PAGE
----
It’s amazing to realize it has taken a pandemic, thousands of deaths and a comprehensive commission report to tell us that treating humans like products from which to make a profit is a terrible idea. Prioritizing the economy over people hurts both, whereas putting people at the centre of care, as the Long-Term Care COVID-19 Commission report recommends, benefits both. If only we could have thought of that by ourselves.

The commission report, which came out late last Friday, makes for horrendous reading. Having followed along and read all the transcripts since September, I had a good idea what it would contain. Be honest now: Is there anything in there that surprises you?

The human tragedy that has gripped the province’s long-term care sector and is still making residents’ lives miserable more than a year later — Ontario is just now starting to lift some of the confinement restrictions where long-term care residents are vaccinated — was entirely predictable, predicted, and not at all prevented. Because we consistently refused to put people ahead of economic considerations. 

The worst indictment from the report isn’t the low staff levels or the old buildings where people share bathrooms or the abuse we occasionally hear about. The worst indictment is the fact that everyone who should have known, knew in March 2020 that they needed to prevent long-term care staff from working in more than one home and needed to make masks mandatory. That evidence was crystal-clear and in jurisdictions that took those actions at that time the number of COVID-19 deaths in long-term care was much lower.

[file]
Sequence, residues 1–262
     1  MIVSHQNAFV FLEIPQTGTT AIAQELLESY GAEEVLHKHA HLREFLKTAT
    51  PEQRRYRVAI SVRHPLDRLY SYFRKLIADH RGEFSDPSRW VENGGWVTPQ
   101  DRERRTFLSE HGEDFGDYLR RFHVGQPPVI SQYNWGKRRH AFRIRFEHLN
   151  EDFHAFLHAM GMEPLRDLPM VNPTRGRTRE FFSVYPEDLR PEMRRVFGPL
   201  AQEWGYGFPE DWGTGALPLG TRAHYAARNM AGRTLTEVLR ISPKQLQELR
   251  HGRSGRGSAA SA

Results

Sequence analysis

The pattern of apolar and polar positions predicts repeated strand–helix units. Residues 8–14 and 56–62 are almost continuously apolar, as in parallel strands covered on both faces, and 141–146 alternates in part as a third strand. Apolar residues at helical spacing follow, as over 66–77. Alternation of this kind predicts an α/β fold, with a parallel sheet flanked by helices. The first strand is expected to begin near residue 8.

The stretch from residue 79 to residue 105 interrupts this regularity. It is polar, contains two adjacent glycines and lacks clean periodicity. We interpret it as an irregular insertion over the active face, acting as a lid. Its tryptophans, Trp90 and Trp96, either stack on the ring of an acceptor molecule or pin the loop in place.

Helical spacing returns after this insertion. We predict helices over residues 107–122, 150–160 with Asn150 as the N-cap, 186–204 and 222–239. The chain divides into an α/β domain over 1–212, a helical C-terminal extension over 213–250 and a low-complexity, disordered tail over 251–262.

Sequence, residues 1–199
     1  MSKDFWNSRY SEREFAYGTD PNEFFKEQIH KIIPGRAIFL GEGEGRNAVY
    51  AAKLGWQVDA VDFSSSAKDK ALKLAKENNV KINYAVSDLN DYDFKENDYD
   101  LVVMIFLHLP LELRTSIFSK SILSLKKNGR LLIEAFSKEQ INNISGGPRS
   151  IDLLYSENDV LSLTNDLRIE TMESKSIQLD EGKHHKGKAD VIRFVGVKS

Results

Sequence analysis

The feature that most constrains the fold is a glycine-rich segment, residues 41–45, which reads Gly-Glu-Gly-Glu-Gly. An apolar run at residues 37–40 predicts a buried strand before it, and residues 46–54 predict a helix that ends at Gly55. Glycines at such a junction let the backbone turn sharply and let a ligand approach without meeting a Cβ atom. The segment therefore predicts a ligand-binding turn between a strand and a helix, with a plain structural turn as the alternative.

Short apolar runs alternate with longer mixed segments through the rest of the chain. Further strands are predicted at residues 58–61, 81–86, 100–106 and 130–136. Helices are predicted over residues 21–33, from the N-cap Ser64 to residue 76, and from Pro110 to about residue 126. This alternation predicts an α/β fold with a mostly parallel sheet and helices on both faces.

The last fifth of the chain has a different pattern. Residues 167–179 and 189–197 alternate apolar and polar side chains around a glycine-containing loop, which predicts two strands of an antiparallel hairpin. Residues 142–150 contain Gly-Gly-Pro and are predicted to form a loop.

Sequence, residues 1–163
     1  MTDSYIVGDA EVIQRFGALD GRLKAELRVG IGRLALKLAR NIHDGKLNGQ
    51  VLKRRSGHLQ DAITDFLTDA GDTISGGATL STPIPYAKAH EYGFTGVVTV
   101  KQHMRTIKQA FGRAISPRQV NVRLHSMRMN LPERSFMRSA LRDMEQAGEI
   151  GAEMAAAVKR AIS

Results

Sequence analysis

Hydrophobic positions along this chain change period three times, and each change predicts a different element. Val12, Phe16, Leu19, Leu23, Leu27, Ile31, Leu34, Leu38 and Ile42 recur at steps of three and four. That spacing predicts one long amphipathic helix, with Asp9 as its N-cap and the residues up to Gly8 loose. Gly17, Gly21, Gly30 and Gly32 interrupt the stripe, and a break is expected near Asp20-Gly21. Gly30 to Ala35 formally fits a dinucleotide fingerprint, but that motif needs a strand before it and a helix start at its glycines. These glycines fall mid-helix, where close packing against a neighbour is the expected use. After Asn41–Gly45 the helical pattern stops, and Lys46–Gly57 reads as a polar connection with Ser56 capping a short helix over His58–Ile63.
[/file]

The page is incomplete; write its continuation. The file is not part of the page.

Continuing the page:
The Long-Term Care Commission report notes that the majority of long-term care residents who died in the first wave contracted COVID-19 between late March and late April 2020. How many lives would have been saved if the government had acted earlier? If masks and restricting all staff to one home had been implemented a month earlier, how many would have been spared the agony of suffocating to death?

Read the rest here:
https://ottawacitizen.com/opinion/pellerin-ontarios-covid-deaths-in-long-term-care-were-predictable-but-no-one-acted-to-prevent-them

Fullerton vows to “do right” by LTC staff and residents after the release of a damning final report

Taylor Blewett, The Ottawa Citizen

Ontario minister Merrilee Fullerton vowed to “do right” by long-term care staff and residents after the release of a damning final report by a commission that probed the devastating spread of COVID-19 through Ontario long-term care homes. Fullerton, the minister for long-term care, said in a Monday press conference that the suffering experienced by LTC staff, residents, and their families would not be in vain, and committed to making long-term care a better place for residents to live and staff to work. She has yet to announce in any detail new measures being implemented in response to the commission’s recommendations. In its 322-page report, the commission said the province failed to learn from the SARS epidemic of 2003, that the LTC sector was completely unprepared for the pandemic, and long-festering challenges (underfunding, staffing shortages, out-of-date infrastructure, inadequate oversight) played a part in COVID-19 deaths in long-term care homes. To date, 3,760 LTC residents and 11 staff have lost their lives to the disease.

Read the rest here:
https://ottawacitizen.com/news/local-news/covid-19-fullerton-vows-to-do-right-by-ltc-staff-residents-after-damning-report-ontario-reports-3436-new-cases